OFFBEAT: Last, lost words of an Ohio sci-fi great

When he died in 1995 at age58 while battling cancer, Cleveland native Roger Zelazny was one of the most famous and well-loved scienc
Tom Jackson
May 24, 2010

 

When he died in 1995 at age58 while battling cancer, Cleveland native Roger Zelazny was one of the most famous and well-loved science fiction writers in the world.

During the 1990s, novelist Jane Lindskold completed two novels that Zelazny left unfinished after his death, "Donnerjack" and "Lord Demon."

And that seemed to be that.

Zelazny's fans could only wonder what he would haveproduced if he'd lived.

Then, in February 2009, the mystery and noir paperback house Hard Case Crime issued "The Dead Man's Brother," by Roger Zelazny. The cover, which showed a machete-wielding hero protecting a woman, proclaimed "First Publication Anywhere."

Zelazny fans who pick up the book will recognize the author they loved.

"It's damned good," said Kirby McCauley, the late author's literary agent. "Believe me, that was the happy surprise."

Born in Euclid, Zelazny lived in the Cleveland area and inBaltimore before settling in Santa Fe, N.M. He won a stack of awards for science fiction novels such as "Lord of Light." Readers particularly loved his "Amber" series of 10 fantasy novels. His initial stories in the 1960's caused a sensation among science fiction fans. His first novel, "... And Call Me Conrad," reprinted later as "This Immortal," won a Hugo Award, the genre's biggest honor, in a tie with Frank Herbert's classic "Dune."

For most of his career, Zelazny was represented by a literary agent in New York City, Kirby McCauley. McCauley and his sister, Kay McCauley, still run the Pimlico Agency.

About two years ago, Kay McCauley was working on papers in Pimlico's storage area in a New York City warehouse, making digital copies for Internet storage. She came across a cardboard box marked, "Save, no submissions at this time at Roger's request."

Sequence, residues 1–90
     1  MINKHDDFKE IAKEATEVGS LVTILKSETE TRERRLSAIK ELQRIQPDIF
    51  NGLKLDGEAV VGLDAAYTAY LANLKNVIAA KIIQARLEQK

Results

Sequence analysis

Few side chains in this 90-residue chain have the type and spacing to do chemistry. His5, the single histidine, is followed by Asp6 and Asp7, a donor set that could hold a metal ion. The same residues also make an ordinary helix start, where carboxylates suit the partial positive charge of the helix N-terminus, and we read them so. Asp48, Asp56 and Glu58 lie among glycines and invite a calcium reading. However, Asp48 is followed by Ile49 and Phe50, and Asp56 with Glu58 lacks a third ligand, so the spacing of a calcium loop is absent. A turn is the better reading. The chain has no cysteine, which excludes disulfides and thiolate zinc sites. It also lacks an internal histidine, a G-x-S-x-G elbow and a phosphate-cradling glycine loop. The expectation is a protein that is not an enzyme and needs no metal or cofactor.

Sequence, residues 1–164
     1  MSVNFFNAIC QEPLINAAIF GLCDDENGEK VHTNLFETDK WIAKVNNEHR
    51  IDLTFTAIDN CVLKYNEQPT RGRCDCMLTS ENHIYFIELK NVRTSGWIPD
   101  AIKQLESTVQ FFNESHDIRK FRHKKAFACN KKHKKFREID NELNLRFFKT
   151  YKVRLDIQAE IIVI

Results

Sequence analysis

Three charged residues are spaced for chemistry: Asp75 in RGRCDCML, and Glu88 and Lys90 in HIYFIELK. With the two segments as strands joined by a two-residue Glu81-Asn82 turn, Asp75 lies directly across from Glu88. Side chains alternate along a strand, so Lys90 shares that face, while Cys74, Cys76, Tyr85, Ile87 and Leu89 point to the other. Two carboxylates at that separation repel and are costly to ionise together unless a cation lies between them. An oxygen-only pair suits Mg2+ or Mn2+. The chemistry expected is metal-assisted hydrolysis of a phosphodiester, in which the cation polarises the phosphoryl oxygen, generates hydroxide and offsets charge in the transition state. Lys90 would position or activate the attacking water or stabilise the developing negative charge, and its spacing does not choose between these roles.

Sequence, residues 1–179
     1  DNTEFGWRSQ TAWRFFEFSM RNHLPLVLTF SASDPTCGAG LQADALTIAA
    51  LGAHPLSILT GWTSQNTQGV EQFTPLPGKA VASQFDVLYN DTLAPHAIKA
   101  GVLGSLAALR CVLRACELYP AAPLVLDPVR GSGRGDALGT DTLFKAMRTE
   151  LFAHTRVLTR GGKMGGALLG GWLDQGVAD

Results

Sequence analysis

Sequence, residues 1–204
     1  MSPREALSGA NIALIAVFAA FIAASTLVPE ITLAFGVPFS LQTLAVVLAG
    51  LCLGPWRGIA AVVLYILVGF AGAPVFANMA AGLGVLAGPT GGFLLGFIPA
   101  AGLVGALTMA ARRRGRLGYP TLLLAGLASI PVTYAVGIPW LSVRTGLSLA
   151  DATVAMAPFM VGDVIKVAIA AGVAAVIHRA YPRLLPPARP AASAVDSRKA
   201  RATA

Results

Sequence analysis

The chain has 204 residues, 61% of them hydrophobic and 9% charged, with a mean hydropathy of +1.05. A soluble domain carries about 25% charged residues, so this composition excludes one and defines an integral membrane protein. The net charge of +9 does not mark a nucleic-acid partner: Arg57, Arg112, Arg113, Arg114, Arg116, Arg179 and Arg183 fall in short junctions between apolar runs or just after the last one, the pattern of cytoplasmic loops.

"When I read it, I said, 'Oh my God. Why didn't we try and sell it earlier?'," McCauley said.

Much new information about Zelazny's literary career is just now coming to light, with the launch of a six-volume set of Zelazny'scollected stories.

The first two volumes have just been published by the New England Science Fiction Association, which operates a small press publishing house. The editors plan to publish all of Zelazny's short stories and poetry, and also are including many articles based on research into Zelazny's career.

Dr. Christopher Kovacs, one of NESFA's editors, says Zelazny began "The Dead Man's Brother" in early 1970 and finished it in June 1971. The novel's hero is a former art smuggler named Ovid Wiley who has gone straight and become a professional art dealer. After Wiley's former partner turns up dead in Wiley's studio, the CIA embroils Wiley into a scheme to recover a large sum of money stolen from the Vatican. Adventures with assassins, CIA agents and corrupt police officers ensue in Rome and the jungles of Brazil.

Zelazny's agent tried to sell the book for two years, but publishers rejected it. Many said they wanted a science fiction novel from Zelazny instead.

Despite Zelazny's failed efforts to publish the book, reviews have been good. Publisher's Weekly called it a "fantastic andcompelling hard-boiled mystery."

The reviewer wrote, "The twists and turns come at breakneck pace, and vintage details addunexpected charm."

Prominent novelist Neil Gaiman blogged about the book.

"I am reading this book really slowly. A chapter a month," Gaiman wrote. "Because when it's done, there won't be any classic period Zelazny novels I haven't read ... And from what I have read so far, it is classic wonderful Roger Zelazny all the way."

Are there any other major works by Zelazny, waiting to be discovered?

Probably not, Kirby McCauley says.

"It is kind of like the last of the line," he said. "I'm virtually certain there are no other novels like this that are going to pop out."